Data presented at EULAR 2013, the Annual Congress of the European League Against Rheumatism, demonstrate a high prevalence of NSAID prescriptions in patients at risk of ischaemic heart disease (IHD).
Published evidence suggest significant cardiovascular implications of NSAIDs for patients, with an immediate mortality risk demonstrated in patients who had suffered a myocardial infarction (MI, heart attack) even when prescribed treatment duration was less than one week.2
AdvertisementNSAIDs are used to relieve pain and signs of inflammation, such as fever, swelling and redness. Although they can be taken temporarily to provide short-term relief, they are commonly prescribed for the chronic treatment of rheumatic patients in primary care.
Dr Carl Orr, Department of Medicine, Royal College of Surgeons, Dublin, Ireland commented, "The side effect profile and safety of NSAIDs has been commonly reported, but little is known about treatment duration and its implications for cardiovascular risk. These data demonstrate an immediate increase in the risk of death and MI, challenging the safety of even short term use. The introduction of physician guidelines to assist safe prescribing of this class of drug is vital, and the only way to keep patient safety at the forefront of disease management."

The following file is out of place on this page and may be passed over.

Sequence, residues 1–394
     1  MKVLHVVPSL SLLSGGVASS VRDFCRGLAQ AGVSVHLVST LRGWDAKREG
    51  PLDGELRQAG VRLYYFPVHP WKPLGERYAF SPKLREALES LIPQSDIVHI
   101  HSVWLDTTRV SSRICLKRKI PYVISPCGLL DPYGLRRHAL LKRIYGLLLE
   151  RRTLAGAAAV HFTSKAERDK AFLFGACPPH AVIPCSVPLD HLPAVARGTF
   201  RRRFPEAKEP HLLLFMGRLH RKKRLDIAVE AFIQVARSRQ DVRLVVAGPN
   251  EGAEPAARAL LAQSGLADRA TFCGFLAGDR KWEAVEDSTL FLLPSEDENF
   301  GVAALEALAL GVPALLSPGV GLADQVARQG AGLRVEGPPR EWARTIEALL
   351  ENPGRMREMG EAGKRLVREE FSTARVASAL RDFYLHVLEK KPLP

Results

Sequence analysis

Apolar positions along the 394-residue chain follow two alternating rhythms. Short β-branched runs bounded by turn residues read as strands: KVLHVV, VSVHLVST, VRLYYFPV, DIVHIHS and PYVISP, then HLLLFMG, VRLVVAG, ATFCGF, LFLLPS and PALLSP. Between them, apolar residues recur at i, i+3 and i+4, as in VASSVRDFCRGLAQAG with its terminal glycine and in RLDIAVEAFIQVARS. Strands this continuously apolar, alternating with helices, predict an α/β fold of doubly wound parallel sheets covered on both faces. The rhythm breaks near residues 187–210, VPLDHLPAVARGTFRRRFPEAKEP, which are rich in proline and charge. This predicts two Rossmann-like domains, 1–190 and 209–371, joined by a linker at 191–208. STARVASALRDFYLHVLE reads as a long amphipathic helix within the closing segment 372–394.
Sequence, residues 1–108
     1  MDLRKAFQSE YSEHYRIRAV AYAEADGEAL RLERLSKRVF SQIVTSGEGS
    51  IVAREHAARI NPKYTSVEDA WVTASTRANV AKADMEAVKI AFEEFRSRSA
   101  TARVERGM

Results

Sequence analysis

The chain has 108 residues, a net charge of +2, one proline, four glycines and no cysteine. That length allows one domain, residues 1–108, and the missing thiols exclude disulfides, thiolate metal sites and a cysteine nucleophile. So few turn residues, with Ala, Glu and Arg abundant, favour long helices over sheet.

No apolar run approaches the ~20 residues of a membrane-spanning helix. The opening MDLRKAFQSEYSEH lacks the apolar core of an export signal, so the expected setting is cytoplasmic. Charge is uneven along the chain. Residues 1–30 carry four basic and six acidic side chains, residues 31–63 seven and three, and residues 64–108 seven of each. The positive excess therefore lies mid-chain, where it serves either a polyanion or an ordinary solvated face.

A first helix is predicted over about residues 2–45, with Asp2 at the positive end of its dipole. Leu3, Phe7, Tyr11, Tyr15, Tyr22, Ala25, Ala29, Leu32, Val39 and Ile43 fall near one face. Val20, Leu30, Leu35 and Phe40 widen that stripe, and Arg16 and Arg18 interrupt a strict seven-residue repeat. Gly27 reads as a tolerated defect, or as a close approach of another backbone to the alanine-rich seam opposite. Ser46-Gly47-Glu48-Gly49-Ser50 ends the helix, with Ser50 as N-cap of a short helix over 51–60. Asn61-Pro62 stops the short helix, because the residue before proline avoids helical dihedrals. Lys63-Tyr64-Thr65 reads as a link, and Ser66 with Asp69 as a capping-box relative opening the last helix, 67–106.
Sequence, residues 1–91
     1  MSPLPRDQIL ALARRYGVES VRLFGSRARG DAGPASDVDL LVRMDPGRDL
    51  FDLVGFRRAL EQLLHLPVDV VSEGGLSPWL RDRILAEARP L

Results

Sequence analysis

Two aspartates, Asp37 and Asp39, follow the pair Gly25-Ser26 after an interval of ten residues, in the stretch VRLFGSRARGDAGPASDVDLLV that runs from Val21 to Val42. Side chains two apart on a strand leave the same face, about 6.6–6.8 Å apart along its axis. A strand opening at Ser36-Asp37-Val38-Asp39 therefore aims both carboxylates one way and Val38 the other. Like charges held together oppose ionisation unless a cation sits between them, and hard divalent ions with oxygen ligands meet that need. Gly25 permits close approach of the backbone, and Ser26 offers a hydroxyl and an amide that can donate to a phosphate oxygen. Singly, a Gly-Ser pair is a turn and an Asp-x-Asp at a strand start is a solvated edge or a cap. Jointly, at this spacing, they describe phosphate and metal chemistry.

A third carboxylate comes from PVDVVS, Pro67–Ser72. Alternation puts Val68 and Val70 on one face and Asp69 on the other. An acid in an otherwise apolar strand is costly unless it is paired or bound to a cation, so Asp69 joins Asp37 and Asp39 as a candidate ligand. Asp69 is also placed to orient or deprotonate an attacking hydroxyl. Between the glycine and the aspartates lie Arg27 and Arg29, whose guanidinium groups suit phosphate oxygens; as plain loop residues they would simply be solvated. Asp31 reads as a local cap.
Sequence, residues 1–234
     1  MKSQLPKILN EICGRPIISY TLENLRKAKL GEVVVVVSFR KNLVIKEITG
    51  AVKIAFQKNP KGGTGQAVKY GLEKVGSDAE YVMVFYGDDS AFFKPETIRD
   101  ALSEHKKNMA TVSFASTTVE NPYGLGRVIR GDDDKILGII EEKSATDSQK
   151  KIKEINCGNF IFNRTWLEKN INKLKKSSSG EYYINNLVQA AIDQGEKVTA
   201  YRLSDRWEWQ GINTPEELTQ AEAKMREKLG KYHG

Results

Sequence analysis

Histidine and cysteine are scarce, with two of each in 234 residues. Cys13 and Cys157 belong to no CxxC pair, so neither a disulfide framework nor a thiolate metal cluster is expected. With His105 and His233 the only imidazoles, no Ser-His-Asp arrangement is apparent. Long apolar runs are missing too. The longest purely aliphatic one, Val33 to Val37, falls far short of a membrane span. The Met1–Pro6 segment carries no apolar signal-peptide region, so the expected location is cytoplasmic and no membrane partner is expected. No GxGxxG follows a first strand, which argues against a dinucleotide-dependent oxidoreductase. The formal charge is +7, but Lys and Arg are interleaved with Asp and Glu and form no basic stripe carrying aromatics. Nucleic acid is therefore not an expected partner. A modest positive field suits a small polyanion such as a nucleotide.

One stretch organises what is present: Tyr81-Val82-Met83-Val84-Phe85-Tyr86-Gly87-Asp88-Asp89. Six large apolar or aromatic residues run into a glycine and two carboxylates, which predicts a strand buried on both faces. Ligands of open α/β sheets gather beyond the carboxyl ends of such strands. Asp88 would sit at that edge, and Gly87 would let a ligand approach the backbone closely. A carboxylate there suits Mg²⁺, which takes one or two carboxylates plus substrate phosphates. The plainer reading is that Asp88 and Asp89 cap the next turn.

Software was used to analyse 10,000 patients registered with a large primary care facility; patients over 50 years, who had been prescribed NSAIDs for any duration, and had documented IHD, diabetes mellitus and/or hypertension were identified. Over a two month period in late 2012, 108 patients were prescribed NSAIDs; 36% had established ischaemic heart disease or risk factors for cardiovascular disease. Mean duration of treatment was 265 days, 56% were prescribed NSAIDs for longer than one month, and 15% for a year or longer. In 56% of cases diclofenac was the NSAID prescribed.
"We find it disconcerting that diclofenac was prescribed in 56% of cases and suggest that recommendations to switch to safer alternatives are a critical component of any physician guidelines," concluded Dr Orr.
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